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I am trying to use a custom standard library in visual studio 2013 and can't seem to figure it out. I have no problems compiling on the command line using /nostdlib although I would like to be able to take advantage of intellisense in the IDE. I have removed all references except for my custom corelib and I am getting conflicting code errors due to having two variations of mscorlib.

The VS documentation says:

To set this compiler option in the Visual Studio development environment

  1. Open the Properties page for the project.

  2. Click the Build properties page.

  3. Click the Advanced button.

  4. Modify the Do not reference mscorlib.dll property.

Although this does not seem to be the case, as this option does not exist. Does anyone know how I can disable mscorlib.dll in vs2013?

3
  • 1
    It used to be there, but I just checked on VS Express, cant see it either... Hack the project file maybe? Maybe it can be emulated with a portable library? Definitely still there in VS2010. – leppie Oct 29 '14 at 4:49
  • It seems to be missing, I checked it with VS 2013 professional. I think it is a case for the Microsoft support. – Doc Brown Nov 1 '14 at 7:43
  • 2
    Found this forum post: social.msdn.microsoft.com/Forums/windowsapps/en-US/… - maybe adding <NoStdLib>True</NoStdLib> to your project's file manually will help? – Doc Brown Nov 1 '14 at 7:47
7

This is an old question, but, indeed - while the UI option has disappeared (or moved) and the documentation remains misleading to this day, you can still replicate the effect by adding <NoStdLib>True</NoStdLib> into your .csproj near the other options found in advanced settings:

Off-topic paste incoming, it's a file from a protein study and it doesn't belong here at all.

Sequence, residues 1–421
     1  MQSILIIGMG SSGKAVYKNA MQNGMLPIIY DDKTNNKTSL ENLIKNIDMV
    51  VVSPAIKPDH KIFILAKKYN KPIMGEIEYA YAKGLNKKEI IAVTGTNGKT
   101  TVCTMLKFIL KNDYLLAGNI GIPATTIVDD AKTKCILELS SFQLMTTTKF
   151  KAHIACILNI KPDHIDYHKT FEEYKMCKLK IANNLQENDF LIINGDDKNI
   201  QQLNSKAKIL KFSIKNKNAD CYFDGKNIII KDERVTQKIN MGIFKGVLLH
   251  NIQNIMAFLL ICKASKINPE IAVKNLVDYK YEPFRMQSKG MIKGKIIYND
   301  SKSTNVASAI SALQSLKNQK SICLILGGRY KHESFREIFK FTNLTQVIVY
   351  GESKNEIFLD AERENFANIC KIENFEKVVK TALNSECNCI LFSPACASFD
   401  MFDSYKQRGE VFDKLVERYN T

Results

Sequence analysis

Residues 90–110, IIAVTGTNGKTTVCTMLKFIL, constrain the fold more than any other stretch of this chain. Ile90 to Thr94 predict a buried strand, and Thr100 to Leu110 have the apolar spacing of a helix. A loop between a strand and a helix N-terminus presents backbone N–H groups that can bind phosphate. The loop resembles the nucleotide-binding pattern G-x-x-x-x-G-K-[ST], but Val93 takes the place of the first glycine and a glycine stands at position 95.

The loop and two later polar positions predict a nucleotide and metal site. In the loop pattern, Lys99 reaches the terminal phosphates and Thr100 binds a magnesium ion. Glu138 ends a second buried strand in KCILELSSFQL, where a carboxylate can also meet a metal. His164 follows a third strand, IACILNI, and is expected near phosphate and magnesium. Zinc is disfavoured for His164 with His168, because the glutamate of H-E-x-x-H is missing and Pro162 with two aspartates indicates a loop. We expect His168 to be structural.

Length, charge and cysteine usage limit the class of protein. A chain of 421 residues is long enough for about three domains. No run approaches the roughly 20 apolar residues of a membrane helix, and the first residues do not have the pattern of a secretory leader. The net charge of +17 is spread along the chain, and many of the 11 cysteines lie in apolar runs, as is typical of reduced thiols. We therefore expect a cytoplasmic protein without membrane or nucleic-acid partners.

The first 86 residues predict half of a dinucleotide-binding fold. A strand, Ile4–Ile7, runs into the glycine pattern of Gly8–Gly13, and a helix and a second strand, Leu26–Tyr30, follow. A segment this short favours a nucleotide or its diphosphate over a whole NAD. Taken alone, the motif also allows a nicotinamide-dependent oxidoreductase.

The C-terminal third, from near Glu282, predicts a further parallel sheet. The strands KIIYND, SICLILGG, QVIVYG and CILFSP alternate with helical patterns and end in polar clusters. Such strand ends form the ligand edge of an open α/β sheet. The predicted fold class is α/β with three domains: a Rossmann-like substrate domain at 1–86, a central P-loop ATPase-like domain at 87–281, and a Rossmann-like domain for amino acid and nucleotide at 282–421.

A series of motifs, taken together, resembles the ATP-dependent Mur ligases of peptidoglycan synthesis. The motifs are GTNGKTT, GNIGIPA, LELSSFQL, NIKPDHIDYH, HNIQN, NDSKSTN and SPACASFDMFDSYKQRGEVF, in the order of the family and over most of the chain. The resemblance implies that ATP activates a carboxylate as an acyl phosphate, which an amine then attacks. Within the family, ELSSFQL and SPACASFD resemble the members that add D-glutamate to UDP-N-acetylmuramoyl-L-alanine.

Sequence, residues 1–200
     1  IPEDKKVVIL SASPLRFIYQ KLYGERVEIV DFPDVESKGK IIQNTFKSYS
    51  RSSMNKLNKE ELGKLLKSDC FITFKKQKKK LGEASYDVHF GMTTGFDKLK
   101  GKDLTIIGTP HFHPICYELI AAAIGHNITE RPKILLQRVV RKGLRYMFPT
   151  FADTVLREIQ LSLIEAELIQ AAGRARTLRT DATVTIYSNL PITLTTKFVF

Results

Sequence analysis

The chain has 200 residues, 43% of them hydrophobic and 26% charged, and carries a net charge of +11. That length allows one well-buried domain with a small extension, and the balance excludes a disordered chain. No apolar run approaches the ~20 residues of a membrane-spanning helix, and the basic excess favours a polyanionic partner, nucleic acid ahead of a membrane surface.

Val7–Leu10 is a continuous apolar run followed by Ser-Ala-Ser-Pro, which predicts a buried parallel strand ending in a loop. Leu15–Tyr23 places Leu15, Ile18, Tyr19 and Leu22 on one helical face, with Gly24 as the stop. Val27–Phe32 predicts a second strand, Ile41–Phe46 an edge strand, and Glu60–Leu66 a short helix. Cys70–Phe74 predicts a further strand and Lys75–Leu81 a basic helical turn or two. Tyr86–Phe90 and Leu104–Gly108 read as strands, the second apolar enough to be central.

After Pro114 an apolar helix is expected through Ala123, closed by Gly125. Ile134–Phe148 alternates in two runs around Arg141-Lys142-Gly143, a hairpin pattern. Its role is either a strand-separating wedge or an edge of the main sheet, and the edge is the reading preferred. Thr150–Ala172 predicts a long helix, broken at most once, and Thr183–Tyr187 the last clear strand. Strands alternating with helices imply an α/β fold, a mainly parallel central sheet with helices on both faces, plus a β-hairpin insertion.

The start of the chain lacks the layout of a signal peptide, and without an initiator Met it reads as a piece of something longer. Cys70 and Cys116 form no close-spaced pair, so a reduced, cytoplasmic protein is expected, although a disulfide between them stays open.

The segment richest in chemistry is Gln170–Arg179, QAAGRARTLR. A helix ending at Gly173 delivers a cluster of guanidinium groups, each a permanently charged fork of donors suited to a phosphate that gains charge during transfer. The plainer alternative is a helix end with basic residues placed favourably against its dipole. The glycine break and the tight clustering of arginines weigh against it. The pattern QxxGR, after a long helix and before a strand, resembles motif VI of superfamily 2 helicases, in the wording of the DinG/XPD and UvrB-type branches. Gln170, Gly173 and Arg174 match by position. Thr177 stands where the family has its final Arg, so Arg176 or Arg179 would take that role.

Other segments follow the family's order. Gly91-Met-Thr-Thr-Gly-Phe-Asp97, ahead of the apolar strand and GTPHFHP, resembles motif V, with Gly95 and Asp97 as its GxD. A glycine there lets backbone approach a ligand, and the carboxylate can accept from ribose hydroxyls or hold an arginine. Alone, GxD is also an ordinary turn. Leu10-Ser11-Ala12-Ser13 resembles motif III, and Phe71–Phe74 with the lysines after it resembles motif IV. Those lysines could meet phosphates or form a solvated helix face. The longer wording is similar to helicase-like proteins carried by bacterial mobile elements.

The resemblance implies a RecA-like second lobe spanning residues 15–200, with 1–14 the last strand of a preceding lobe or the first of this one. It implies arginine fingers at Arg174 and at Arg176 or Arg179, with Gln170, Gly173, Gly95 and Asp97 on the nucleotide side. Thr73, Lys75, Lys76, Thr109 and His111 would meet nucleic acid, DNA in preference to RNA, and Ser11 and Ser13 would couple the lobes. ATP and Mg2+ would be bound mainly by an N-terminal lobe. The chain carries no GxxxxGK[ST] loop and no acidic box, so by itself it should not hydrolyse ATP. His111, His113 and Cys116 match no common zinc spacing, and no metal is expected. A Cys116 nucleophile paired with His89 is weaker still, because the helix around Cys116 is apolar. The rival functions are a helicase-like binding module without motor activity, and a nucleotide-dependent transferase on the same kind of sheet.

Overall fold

<Project ToolsVersion="12.0" DefaultTargets="Build" xmlns="http://schemas.microsoft.com/developer/msbuild/2003">
  <PropertyGroup>
    ...
    <TargetFrameworkVersion>v4.0</TargetFrameworkVersion>
    <FileAlignment>512</FileAlignment>
    <NoStdLib>True</NoStdLib>
    <TargetFrameworkProfile />
  </PropertyGroup>
...
</Project>
1
  • I was wondering where that option went away after VS 2010. Glad that you posted. NoStdLib tag works! – RBT Jun 29 '16 at 11:43
0

To workaround the same problem in Visual Studio 2017, adding the following Property Group declarations inside the .csproj file (you can unload project from Visual Studio and Right Click and choose Edit) did the trick to suppress the compiler errors:

<PropertyGroup>
  <NoStdLib>true</NoStdLib>    
  <DisableHandlePackageFileConflicts>true</DisableHandlePackageFileConflicts>
</PropertyGroup>
...
<ItemGroup>
  <Reference Include="mscorlib">
  <HintPath>..\path to custom mscorlib.dll</HintPath>
</Reference>

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